849 F.2d 607
UNITED STATES of America, Plaintiff-Appellee,
Charles Edward GORDON, Defendant-Appellant.
United States Court of Appeals, Fourth Circuit.
Argued: May 6, 1988.
Decided: June 7, 1988.
NOTICE: Fourth Circuit I.O.P. 36.6 states that citation of unpublished dispositions is disfavored except for establishing res judicata, estoppel, or the law of the case and requires service of copies of cited unpublished dispositions of the Fourth Circuit.
Garold Walter Morris, II (Morris & Morris, on brief), for appellant.
Beth Heier Lurz, Assistant United States Attorney (William A. Kolibash, United States Attorney; Lisa Grimes, Legal Intern, on brief), for appellee.
Before CHAPMAN and WILKINSON, Circuit Judges, and EUGENE A. GORDON, Senior District Judge from the Middle District of North Carolina, sitting by designation.
Appellant, a thrice convicted felon, was indicted and convicted in the United States District Court for the Northern District of West Virginia on charges of receipt of a firearm in violation of 18 U.S.C. Sec. 922(h) and Sec. 924(a) (1982), of making a false statement to acquire a firearm in violation of 18 U.S.C. Sec. 922(a)(6) and Sec. 924(a) (1982), and of possession of a firearm by a convicted felon in violation of 18 U.S.C.App. 1202(a)(1) (1982). He challenges these convictions claiming a willful and deliberate delay by the government denying him a speedy trial. He also claims duplicitous convictions as to the receipt of the firearm and the possession of the firearm (Counts Two and Four of the Indictment) asserting that such counts are supported by the same facts. Finding no error, we affirm.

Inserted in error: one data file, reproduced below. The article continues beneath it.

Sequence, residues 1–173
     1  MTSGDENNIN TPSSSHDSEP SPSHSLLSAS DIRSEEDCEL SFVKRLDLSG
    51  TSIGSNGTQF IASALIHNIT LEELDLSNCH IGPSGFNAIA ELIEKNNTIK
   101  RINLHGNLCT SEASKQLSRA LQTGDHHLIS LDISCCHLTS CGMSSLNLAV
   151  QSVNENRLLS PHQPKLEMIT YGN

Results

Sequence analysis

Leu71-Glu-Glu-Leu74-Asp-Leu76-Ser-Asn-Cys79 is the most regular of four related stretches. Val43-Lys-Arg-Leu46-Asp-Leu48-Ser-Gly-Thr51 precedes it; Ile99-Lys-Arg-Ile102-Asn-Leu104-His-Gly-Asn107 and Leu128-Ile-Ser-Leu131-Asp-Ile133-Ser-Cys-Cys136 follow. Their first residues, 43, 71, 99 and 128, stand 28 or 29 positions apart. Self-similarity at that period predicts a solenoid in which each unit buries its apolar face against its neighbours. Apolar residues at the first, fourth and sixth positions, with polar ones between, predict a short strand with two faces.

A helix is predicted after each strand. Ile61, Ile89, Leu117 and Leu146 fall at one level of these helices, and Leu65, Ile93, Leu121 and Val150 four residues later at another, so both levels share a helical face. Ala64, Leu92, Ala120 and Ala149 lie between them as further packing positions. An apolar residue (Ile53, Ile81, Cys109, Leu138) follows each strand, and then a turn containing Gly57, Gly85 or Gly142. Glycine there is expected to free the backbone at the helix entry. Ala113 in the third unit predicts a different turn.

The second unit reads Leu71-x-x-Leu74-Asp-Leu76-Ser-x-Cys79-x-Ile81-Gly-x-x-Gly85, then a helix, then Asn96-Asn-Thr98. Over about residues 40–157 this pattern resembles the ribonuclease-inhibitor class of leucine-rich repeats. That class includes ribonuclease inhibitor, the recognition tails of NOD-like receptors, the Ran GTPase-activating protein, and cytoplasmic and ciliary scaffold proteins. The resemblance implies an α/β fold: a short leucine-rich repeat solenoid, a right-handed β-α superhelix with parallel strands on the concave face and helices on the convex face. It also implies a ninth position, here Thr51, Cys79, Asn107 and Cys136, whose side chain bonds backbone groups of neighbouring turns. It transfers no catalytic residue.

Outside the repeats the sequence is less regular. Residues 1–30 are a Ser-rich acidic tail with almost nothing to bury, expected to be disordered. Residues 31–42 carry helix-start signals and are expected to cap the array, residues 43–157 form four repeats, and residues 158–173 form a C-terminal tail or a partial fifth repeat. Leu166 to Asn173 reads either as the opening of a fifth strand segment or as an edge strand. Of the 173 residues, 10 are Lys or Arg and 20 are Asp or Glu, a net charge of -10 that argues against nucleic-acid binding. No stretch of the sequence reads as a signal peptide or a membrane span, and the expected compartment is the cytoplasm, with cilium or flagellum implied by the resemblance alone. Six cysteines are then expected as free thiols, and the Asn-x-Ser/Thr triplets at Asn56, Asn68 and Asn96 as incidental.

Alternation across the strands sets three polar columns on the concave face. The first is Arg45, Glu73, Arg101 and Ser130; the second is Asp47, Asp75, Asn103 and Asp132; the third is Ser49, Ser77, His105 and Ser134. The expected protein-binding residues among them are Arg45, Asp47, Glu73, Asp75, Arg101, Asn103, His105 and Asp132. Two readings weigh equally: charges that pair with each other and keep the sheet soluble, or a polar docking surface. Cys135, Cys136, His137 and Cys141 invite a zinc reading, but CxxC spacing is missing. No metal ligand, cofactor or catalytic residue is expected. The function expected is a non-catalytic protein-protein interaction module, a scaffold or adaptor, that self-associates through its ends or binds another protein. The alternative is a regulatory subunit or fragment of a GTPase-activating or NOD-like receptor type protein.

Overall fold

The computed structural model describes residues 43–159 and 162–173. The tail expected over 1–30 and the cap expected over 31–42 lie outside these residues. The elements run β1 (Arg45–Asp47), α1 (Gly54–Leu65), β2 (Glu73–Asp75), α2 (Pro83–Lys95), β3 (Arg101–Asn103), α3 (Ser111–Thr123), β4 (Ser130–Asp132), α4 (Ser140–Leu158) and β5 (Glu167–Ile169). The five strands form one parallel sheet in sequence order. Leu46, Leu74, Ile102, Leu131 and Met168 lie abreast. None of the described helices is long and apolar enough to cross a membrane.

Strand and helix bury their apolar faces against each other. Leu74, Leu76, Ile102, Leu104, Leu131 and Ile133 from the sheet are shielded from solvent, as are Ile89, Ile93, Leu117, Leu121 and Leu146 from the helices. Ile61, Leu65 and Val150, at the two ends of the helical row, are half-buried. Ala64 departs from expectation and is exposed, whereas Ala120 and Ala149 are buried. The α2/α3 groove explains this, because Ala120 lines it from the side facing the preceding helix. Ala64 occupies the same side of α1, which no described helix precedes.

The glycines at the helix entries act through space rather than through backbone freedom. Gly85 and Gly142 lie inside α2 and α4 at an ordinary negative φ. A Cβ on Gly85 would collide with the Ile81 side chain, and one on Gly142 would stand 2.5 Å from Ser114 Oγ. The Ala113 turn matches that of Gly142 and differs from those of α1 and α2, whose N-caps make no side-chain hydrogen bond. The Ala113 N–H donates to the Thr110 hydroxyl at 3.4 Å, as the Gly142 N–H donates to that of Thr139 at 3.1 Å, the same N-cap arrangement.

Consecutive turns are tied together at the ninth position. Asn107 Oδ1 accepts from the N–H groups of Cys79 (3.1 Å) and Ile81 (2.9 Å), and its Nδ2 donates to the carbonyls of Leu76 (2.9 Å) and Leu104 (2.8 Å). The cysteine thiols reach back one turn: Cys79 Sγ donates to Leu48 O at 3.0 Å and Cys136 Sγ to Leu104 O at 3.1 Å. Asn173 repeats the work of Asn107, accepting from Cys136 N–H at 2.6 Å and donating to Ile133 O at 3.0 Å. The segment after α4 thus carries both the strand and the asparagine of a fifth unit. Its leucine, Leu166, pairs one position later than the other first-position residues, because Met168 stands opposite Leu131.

* In August 1986, an eighteen-year-old resident of Ohio attempted to pawn a .22 caliber Colt pistol, but he was advised that he was too young. He then approached the appellant and asked him to pawn the firearm. The appellant and the young man then traveled to the Outdoor Store in Wheeling, West Virginia, where the appellant took the pistol into the store and pawned it, receiving $40.00 and a pawn ticket, which he delivered to the young owner.
Several weeks later, the appellant asked the young man if he intended to reclaim the firearm, and was advised that he did not have the necessary money. Appellant then bought the pawn ticket for an undetermined amount of money. The appellant returned to the Outdoor Store on September 3, 1986 and redeemed the Colt pistol. In connection with this transaction he completed and signed a ATF Form 4473, and after the payment of the sum of $44.00, the pistol was delivered to him. There was testimony that appellant still had the pistol in the latter part of September 1986.
On ATF Form 4473 the appellant falsely answered certain questions under oath, particularly his denial that he was a convicted felon.
On October 17, 1986 appellant was indicted for four violations of the federal gun laws, and at his arraignment, his attorney requested the court to transfer appellant to a medical facility for treatment of his numerous physical ailments. The court ordered the appellant to be sent to an appropriate medical facility in a federal correctional institution for treatment. The appellant consented to this action, and it is not disputed that he needed extensive medical treatment before he would be in condition to stand trial.
The appellant was transported to the U.S. Medical Center for Federal Prisoners in Springfield, Missouri. He was returned to the Northern District of West Virginia pursuant to an order of the district court entered July 9, 1987, and he was certified to be physically able to stand trial on July 24, 1987. This information was furnished to the trial court on August 28, 1987. His trial commenced on September 25, 1987 and he was convicted on three counts mentioned above.